Oil troubles waters

OUR PLANET 9.5 - Oceans

Oil troubles waters


describes the effects of the oil industry
on vital tropical ecosystems

pumpjackThe sea provides a vast array of natural resources for thousands of local communities in the tropics. But the presence of the oil industry has significant social and environmental impacts, both from accidents and from routine activities like seismic exploration, drilling and the generation of polluting wastes.

When accidents occur, sessile life (species attached to surfaces such as rocks or the seabed) is the first to be affected: its mortality increases as oil accumulates, although certain organisms, like gastropods, tolerate it better. Some species regenerate in a year, while others - sea urchins for example - can take more than four years to recover completely.

Long-term damage

Coral reefs are also severely affected. Rich in biodiversity and vital for sustaining local fisheries, they resist erosion and storms and stabilize coasts, especially in low-lying tropical areas. But they take decades to recover from an oil spill. The rate of photosynthesis in plant life is reduced, becoming a chronic problem in reefs exposed to a high level of pollution. Reproductive cells atrophy and reproductive tissues fail to develop properly - effects that can last for several years after contact with crude oil - reducing reproductive rates and thus population density. Oil also alters the composition of species in the reef habitat. For example, the greater body area of branching corals leads to a greater absorption of oil, and thus a relatively higher mortality rate than among other species.

Mangroves are also very important to society, the economy and ecology as habitats for many fish and molluscs and a source of raw materials for communities in the surrounding area. And they, too, are affected by the oil industry. Its activities interrupt the flow of both freshwater and seawater into mangroves and within them, affecting drainage patterns, plant life and the soil, and causing a general lack of stability. Dredging - to make channels or deepen and widen existing ones - can completely destroy the affected area: the wider and deeper the channel, the more the damage. Results include large-scale erosion, death of plant life, stunting of seedlings, suffocation and poisoning of anchoring roots, and a reduction in absorptive ones. The top canopy of the mature trees that do survive deteriorates, producing fewer leaves and buds. Mangroves can take several decades to regenerate. Moreover, no way is known of cleaning polluted sediment from the forest floor without destroying the forest itself.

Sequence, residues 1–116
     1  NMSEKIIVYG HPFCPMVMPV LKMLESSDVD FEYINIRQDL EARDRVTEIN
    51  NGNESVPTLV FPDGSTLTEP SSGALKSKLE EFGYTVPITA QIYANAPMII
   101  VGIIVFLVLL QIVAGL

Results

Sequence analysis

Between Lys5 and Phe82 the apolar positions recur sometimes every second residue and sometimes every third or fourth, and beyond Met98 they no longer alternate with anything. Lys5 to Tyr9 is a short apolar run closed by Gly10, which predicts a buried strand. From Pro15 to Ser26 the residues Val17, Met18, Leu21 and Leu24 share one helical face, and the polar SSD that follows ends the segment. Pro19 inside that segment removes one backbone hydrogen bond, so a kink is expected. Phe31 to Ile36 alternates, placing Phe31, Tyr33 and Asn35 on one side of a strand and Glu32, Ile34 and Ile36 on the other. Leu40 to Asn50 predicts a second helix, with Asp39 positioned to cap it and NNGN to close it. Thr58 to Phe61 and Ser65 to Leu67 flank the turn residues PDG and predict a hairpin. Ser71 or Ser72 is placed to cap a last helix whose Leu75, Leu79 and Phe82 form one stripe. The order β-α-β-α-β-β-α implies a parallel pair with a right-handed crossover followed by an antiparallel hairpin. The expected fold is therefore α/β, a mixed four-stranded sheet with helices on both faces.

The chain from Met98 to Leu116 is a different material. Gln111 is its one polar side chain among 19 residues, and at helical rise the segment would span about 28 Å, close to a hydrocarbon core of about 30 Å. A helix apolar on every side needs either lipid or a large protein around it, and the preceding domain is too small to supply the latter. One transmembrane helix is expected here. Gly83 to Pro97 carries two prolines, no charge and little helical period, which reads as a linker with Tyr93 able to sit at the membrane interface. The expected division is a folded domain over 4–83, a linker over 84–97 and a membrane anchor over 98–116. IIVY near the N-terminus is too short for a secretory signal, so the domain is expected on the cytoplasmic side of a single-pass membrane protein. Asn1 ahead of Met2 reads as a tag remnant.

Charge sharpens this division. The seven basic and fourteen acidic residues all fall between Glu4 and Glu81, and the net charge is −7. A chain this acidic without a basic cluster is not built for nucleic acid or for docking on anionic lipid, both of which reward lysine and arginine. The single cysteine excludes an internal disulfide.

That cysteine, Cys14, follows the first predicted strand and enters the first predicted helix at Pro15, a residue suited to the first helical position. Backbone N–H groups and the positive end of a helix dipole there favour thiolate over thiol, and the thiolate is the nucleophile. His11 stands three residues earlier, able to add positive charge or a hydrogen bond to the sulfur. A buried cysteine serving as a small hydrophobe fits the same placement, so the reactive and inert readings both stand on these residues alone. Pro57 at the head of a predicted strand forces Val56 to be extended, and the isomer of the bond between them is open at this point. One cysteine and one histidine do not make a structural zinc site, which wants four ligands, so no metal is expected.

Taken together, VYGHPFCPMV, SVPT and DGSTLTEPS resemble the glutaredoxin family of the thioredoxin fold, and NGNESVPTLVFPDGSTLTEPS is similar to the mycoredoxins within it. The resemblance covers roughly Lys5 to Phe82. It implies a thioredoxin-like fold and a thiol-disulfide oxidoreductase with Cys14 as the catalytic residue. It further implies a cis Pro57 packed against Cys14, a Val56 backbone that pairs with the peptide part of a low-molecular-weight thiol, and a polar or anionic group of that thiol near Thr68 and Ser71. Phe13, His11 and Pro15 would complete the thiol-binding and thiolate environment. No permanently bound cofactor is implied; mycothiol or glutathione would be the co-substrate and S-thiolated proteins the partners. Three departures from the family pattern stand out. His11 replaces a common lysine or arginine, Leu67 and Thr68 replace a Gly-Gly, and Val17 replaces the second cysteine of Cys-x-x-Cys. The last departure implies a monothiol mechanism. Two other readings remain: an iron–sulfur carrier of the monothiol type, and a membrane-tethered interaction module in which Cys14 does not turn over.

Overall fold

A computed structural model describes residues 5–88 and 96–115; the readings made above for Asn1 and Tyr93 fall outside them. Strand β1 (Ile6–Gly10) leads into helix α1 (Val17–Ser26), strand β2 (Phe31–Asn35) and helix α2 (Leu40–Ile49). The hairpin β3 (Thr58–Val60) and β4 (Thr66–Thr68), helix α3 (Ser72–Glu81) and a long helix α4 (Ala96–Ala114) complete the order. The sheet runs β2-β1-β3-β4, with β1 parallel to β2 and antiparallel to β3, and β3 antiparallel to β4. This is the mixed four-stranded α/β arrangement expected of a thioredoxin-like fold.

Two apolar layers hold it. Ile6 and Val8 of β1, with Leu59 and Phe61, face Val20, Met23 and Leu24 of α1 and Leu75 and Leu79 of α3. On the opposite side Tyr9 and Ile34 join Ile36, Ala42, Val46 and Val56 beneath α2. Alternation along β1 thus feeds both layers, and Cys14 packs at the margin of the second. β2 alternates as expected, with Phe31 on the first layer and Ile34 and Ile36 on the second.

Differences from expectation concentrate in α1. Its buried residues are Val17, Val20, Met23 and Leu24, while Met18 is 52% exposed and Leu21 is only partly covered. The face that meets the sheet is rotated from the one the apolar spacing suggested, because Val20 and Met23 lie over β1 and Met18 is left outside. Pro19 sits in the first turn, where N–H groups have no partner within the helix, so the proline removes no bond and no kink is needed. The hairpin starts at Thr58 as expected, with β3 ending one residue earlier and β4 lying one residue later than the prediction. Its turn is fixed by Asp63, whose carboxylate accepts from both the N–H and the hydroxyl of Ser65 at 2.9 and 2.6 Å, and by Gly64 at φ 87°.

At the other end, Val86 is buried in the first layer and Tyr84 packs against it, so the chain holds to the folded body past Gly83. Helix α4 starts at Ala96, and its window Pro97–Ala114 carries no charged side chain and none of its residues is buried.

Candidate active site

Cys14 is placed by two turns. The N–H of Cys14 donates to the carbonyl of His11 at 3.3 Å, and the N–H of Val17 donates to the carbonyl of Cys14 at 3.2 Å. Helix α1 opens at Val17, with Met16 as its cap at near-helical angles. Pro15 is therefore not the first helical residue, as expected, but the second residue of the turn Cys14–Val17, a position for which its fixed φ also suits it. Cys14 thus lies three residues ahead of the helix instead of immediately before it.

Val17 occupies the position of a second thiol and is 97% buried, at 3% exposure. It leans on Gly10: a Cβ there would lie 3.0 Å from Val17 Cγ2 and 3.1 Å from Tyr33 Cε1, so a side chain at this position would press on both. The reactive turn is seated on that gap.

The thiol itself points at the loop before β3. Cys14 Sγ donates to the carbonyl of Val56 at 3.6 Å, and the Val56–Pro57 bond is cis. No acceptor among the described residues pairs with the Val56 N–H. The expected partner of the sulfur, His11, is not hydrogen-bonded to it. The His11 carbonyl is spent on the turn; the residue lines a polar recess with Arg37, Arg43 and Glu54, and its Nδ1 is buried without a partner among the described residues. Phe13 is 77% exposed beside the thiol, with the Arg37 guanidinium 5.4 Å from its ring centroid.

Seagrass beds found in shallow water, especially along tropical coastlines, can also suffer, with widespread impacts on both the immediate and surrounding environments. They stabilize the seabed, trap sediments, improve water quality, and directly nourish more than 340 species of marine fauna, which suffer when the food chain is disrupted. Some seagrass species are extremely fragile, dying on contact with crude oil and finding it very difficult to regenerate. Those with limited means of dispersal and low reproductive rates are particularly hard-hit in the long term, whereas species with higher reproductive rates recover more quickly.

Threat to nesting areas

Finally, the presence of oil in tropical coastal ecosystems can have serious consequences for species which nest in sand. Eggs absorb moisture from the surrounding environment, and with it any hydrocarbons present. Oil pollution in nesting areas can thus have catastrophic repercussions on reproduction. It delays the hatching of turtle eggs and causes abnormalities in the turtle shell, especially when the eggs are exposed to pollution during the early stages of development, though in the later stages, too, turtle embryos are very sensitive to the toxic effects of oil. Wild duck eggs are also susceptible to pollution. Embryos need to increase their oxygen intake as they develop, but oil can hinder their growth by blocking the egg pores, often resulting in death.

Thus, the oil industry threatens many of the most important marine ecosystems in the tropics

Elizabeth Bravo is Research Coordinator at the Oilwatch Secretariat, Quito, Ecuador.

Complementary articles in other issues:
Mark Moody-Stuart: Picking up the gauntlet (Climate & Action) 1998
John Browne: A new partnership to make a difference (Climate Change) 1997
Ruben Mnatsakanian: A poisoned legacy (Chemicals) 1997
Alemayehu Wodageneh: Trouble in store (Chemicals) 1997
Barbara Dinham: Getting off the pesticide treadmill (Food) 1996

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